Identity theft is something that can happen to anyone and recovering from it can be extremely difficult and time-consuming. If you believe that you have been a victim of identity theft, you should go to IdentityTheft.gov to report the crime and get started on a recovery plan. An example of identity theft may be:
Let’s say you’re considering making a big purchase, such as buying a home. The first thing you do is get your credit checked so that you can have an idea of what kind of APR you can expect to receive from a mortgage lender. On the report, you notice that there’s a credit card account you don’t remember opening.
What could you have done?
Identity theft is a difficult crime to diagnose because there are so many ways a criminal could have stolen your identity. But, let’s not lose hope just yet! By taking simple measures such as putting a fraud alert on your credit bureau accounts or implementing a credit freeze, you can ensure that no criminal is able to steal your identity–and your money!
Preventing identity theft
Consider placing a free credit freeze. This can prevent anyone from opening new lines of credit in your name until the credit freeze is deactivated. You should also be consistently checking your credit report to make sure that there aren’t any new accounts that weren’t created by you. Furthermore, you should have complex, unique passwords for every account so that an attacker is not able to log in to all your accounts by virtue of knowing one secret.
Business email compromise
Business email compromise is similar to phishing in the sense that both cyber threats target your email inbox. In the case of business email compromise, malicious actors send a message that appears to come from a known source and they make a seemingly legitimate request, such as:
Imagine you work at a small company. An account pretending to be the CEO emails you and asks you to purchase dozens of gift cards to send out to employees as rewards. After you purchase them, the account asks you for the serial numbers of the gift cards so that they can send the rewards to your coworkers right away!
What could you have done?
Like in the phishing case, you could have noticed that the email account you were communicating with was actually a fraudulent account. Also, by being aware that cyber threats usually involve some task that needs to be done with urgency, you could have been more cautious and gotten a second confirmation through a separate form of communication that the request was indeed legitimate.
Preventing business email compromise
Like most cyber crimes, the easiest way to prevent business email compromise is through vigilance. Make sure that the person that’s emailing you is really who you think they are. Scammers use slight differences in spelling to trick your eye and gain your trust. Moreover, never click on any links or download any documents unless you are sure it’s from someone you know. Finally, if possible, always verify payment or purchase requests in person or by phone.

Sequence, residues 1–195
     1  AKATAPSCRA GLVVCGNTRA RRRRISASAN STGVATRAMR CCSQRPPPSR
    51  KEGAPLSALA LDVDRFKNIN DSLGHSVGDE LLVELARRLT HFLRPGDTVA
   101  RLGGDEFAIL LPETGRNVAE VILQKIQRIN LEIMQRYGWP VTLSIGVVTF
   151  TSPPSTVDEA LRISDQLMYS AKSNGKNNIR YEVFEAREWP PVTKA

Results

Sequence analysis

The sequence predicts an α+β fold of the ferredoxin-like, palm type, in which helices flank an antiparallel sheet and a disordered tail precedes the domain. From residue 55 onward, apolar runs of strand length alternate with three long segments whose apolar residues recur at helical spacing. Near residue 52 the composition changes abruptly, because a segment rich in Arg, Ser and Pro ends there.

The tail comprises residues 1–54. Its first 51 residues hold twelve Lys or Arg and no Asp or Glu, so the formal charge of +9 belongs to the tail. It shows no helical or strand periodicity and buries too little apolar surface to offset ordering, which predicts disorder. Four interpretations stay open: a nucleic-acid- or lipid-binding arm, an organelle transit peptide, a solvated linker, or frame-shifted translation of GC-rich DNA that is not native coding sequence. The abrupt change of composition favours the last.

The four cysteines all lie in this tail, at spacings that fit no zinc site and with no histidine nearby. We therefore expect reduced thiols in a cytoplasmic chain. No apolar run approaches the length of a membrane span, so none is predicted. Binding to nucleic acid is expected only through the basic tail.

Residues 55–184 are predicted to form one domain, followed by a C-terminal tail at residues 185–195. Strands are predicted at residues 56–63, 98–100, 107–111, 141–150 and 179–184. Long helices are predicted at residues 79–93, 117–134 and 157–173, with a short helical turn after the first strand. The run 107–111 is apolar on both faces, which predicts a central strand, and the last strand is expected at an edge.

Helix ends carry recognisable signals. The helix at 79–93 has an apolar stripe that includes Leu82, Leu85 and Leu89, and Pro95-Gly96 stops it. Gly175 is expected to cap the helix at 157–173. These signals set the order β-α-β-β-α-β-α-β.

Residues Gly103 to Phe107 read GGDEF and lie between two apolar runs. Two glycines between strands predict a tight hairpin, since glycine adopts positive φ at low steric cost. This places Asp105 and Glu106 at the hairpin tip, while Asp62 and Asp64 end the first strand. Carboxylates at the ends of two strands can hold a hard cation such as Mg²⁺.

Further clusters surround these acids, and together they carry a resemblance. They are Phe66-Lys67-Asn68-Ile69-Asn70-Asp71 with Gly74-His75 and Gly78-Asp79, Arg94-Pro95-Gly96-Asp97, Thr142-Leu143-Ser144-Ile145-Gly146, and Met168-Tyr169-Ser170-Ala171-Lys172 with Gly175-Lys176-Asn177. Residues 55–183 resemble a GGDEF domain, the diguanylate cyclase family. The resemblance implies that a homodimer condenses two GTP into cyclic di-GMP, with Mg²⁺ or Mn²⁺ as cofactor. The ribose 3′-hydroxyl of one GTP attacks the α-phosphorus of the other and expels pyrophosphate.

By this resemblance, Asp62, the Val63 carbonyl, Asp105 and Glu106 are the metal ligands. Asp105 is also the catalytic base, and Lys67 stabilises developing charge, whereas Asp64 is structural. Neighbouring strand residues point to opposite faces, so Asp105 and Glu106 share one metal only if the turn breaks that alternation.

Because of the prevalence of business email compromise, many companies train their employees so that they are aware of the scam and are able to identify, report, and archive such malicious messages. Training can be incredibly useful in preventing cyber crimes that require user action.
Most forms of fraud involve abusing your trust, and skimming is no different. This crime is when you insert your card in an ATM or POS terminal and a 3rd party steals your debit or credit card information through the use of a card skimming device. A common scenario is:
It’s been a long day of commuting, and your car needs some gas. You’ve just arrived at a gas station that you’ve been to many times and trust. You insert your debit card into the fuel pump card terminal to pay for the gas and a skimming device reads your card information while you’re making the purchase. You pump gas and are soon on your way home.
What could you have done?
Sometimes there’s nothing you can do to stop some cybercrimes from occurring in the moment. Yes, sometimes card skimmers are placed on top of the original card reader and are easy to recognize, but other times they are hard-wired inside of the existing payment device and are impossible to detect. In either case, by using a credit card instead of a debit card, you could protect yourself from unauthorized charges that may occur in the future.
Skimming is difficult to prevent because it may be undetectable at the moment. However, you can prevent it from happening to you by using credit cards instead of debit cards and by using chip-based or NFC-based cards instead of magnetic-strip-based cards. Furthermore, ATMs and other payment devices that are busy and well-lit are less likely to be targets of skim attacks because they are riskier for malicious actors to infiltrate.
Are you passionate about cybersecurity? Do you want to make the web a safe place? Look no further than Ironhack’s Cybersecurity Bootcamps. Offered in several different locations with both remote and in-person options, our cybersecurity bootcamps are a surefire way of preparing yourself for a job in the cybersecurity industry. Come check it out today!